The British family home has iconic status. Home ownership is longed-for and anyone not owning a house is silently thought of as, in some way, second class. Parents often give large amounts of cash to their adult children for deposits, sometimes even re-mortgaging their own house to raise the money. Frail elderly people seem to prefer to have an under-funded old age to using the capital embedded in their house. Politicians are actutely aware of this. The Conservative Manifesto, 2017, proposed more than quadrupling the current state funded insurance of the family home from £23,500 to £100,000*. This policy gives money to heirs and beneficiaries which underlines just how important the home is in British political life.
British social care for the elderly comes in two principal forms. Firstly, there is care in the home for those requiring support but able to live independently and safely. Secondly, there is residential care, which provides continuous care. Neither are free but the current (2017) basis for charging is different. It’s this difference the Conservatives wishes to change. Care in the home only takes into account the revenue of the client, with the value of the home disregarded. Residential care costs do take the value of the home into account. 35,000 houses are sold annually to pay for residential care costs leaving heirs and beneficiaries with a minimum legacy of £23,500. This legacy would be nil if the state’s quasi-insurance didn’t exist.
Britain’s National Health Service provides care, without charge, when needed. Nonetheless those suffering dementia don’t qualify. For quite arbitrary reasons dementia isn’t deemed an ‘illness’. This is perverse and causes resentment because those suffering dementia, an illness of ageing, aren’t supported by the NHS. Some dementia sufferers have very large bills – half a million pounds isn’t unheard of. Long-term residential care is very expensive and house sales are a force majeur for a significant number of elderly people, increasing their stress and illness. The Conservative proposition quadrupled the quasi-insurance, giving heirs and beneficiaries a very large guaranteed legacy. The downside of this proposition is that domicilary care would be provided on the same basis as residential care, with the family home included in the asset base. This widens the prospect of forced house sales.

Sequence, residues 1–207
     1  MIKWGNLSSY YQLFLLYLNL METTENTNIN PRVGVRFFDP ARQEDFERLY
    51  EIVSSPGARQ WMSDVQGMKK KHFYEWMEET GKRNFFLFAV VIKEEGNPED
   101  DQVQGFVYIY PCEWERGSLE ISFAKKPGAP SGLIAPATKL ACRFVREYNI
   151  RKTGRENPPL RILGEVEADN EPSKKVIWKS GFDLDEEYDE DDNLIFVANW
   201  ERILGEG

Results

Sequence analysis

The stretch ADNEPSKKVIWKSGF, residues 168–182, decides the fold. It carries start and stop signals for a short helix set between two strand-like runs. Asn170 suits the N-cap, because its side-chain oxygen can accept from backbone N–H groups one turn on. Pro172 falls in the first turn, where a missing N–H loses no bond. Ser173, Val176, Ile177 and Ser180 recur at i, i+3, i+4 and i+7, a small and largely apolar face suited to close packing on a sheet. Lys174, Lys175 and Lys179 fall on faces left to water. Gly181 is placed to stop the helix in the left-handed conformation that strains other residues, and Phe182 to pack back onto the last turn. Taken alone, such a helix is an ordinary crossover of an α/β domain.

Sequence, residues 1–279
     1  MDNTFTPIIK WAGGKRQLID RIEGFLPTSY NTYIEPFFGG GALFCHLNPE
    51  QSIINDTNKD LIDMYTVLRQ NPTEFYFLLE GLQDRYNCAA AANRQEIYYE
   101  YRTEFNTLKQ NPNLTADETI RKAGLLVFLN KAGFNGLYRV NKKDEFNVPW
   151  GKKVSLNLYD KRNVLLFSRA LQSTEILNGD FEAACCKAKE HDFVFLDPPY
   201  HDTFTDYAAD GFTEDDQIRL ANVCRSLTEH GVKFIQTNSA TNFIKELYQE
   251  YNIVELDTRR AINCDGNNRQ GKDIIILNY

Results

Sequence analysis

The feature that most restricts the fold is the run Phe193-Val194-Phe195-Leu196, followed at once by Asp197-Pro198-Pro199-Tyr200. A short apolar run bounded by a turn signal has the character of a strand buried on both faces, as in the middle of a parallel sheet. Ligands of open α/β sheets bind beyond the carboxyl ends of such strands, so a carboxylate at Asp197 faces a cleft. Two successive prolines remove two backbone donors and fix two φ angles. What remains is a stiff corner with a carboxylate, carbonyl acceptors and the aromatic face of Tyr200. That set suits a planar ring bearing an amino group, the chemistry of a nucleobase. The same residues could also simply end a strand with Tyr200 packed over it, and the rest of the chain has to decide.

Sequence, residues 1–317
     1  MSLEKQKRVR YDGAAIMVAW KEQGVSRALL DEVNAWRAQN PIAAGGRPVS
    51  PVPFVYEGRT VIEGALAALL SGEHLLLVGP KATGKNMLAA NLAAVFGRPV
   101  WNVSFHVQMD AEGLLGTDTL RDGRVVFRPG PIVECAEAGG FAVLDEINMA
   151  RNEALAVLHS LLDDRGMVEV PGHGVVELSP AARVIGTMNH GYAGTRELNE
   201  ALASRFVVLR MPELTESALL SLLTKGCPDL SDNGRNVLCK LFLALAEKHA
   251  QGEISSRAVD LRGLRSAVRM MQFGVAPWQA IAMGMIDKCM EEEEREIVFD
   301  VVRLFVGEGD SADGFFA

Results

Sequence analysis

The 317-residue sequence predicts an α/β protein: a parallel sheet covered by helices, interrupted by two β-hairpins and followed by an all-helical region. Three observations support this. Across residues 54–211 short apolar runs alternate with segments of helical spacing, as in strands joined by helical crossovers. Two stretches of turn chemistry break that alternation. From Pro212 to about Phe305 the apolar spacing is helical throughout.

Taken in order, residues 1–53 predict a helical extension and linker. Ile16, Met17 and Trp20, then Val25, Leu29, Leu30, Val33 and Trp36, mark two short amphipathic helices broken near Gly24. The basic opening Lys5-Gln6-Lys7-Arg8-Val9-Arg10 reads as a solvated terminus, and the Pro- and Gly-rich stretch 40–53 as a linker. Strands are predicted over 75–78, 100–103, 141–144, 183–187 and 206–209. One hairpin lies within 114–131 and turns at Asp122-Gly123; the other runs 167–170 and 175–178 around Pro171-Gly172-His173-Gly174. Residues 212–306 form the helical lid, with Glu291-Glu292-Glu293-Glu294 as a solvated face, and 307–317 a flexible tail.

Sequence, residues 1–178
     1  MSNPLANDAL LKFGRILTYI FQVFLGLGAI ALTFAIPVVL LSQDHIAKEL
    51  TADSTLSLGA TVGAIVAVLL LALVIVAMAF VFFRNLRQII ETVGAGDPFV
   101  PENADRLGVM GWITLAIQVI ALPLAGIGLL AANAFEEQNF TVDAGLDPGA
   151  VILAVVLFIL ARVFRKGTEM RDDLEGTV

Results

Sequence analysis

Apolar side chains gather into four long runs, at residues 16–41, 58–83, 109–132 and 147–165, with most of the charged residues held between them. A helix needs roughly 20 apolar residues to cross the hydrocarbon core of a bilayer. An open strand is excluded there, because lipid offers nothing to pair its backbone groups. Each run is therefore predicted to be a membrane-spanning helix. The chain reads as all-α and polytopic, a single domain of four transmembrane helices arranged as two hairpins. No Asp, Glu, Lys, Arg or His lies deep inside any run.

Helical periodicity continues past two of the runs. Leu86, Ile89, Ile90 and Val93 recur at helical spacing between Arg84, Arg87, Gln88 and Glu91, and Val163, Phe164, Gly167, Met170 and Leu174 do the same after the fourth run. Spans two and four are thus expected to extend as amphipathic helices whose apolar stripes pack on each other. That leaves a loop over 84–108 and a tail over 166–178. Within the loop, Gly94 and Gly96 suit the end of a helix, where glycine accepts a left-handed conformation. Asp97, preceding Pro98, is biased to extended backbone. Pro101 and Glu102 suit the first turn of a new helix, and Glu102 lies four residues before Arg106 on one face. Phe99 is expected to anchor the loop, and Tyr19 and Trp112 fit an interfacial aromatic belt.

It’s easy to empathise with dementia sufferers and their heirs and beneficiaries. What’s difficult to accept is that the state should make a substantial contribution to their legacy. The Dilnot Commission was chaired by a senior economist who surprisingly recommended an entirely egregious proposition. Hie proposition was that the state shouldn’t authorise charges of more than £35,000 for care and charging should begin, if and only if, assets exceeded £100,000**. Obviously this proposition maximisies the value of the legacies of the very wealthiest. It begs the question of why the state has a role in insuring legacies at all?
Is the current (2017) quasi-insurance offered by the state at a cost of £254m really caused by embarrassment? Everyone knows that dementia is an illness of ageing** but as Dilnot demonstrated, a generous, but partial, unwinding of the current position will cost circa £1.7bn. This is generally believed to be unaffordable. A series of spineless political compromises have brought the residential and domicilary care system to its knees. The state is, quite wrongly, subsidising the wealthiest people in Britain with a benefit which is slapdash and, ultimately, provocative.
The disastrous state of social care in Britain can be resolved but only by courageous politicians leading public opinon. Consequently absolutely no-one is expecting anything other than a continuing deterioration in the quality of care for our elderly citizens. The political rock is that there is no subsidy for the wealthy. The political hard place is that the care system is fully funded. The Conservative manifesto heroically failed in 2017*** and there will be many more failures as media shroud waving trumps sound policy decisions.
“Under the current system, care costs deplete an individual’s assets, including in some cases the family home, down to £23,250 or even less. These costs can be catastrophic for those with modest or medium wealth. One purpose of long-term saving is to cover needs in old age; those who can should rightly contribute to their care from savings and accumulated wealth, rather than expecting current and future taxpayers to carry the cost on their behalf. Moreover, many older people have built considerable property assets due to rising property prices. Reconciling these competing pressures fairly and in a sustainable way has challenged many governments of the past.” Conservative Party Manifesto 2017 p64
** https://www.kingsfund.org.uk/sites/default/files/field/field_publication_file/briefing-dilnot-commission-social-care-jul11.pdf p2 see also http://onlinelibrary.wiley.com/doi/10.1002/gps.499/full and file:///C:/Users/Chris/Downloads/andrew-dilnot-presentation.pdf